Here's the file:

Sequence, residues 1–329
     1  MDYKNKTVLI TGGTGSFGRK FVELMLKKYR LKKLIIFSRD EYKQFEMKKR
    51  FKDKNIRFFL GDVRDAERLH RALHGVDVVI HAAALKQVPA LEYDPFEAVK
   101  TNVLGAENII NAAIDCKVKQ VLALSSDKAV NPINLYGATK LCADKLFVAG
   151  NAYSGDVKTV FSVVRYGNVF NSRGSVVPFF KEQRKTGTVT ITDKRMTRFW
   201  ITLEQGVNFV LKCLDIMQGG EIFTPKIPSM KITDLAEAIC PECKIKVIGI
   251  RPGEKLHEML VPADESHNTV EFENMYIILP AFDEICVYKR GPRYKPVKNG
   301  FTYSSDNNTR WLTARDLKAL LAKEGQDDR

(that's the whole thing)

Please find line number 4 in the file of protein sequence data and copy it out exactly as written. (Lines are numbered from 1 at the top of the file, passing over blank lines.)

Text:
   101  TNVLGAENII NAAIDCKVKQ VLALSSDKAV NPINLYGATK LCADKLFVAG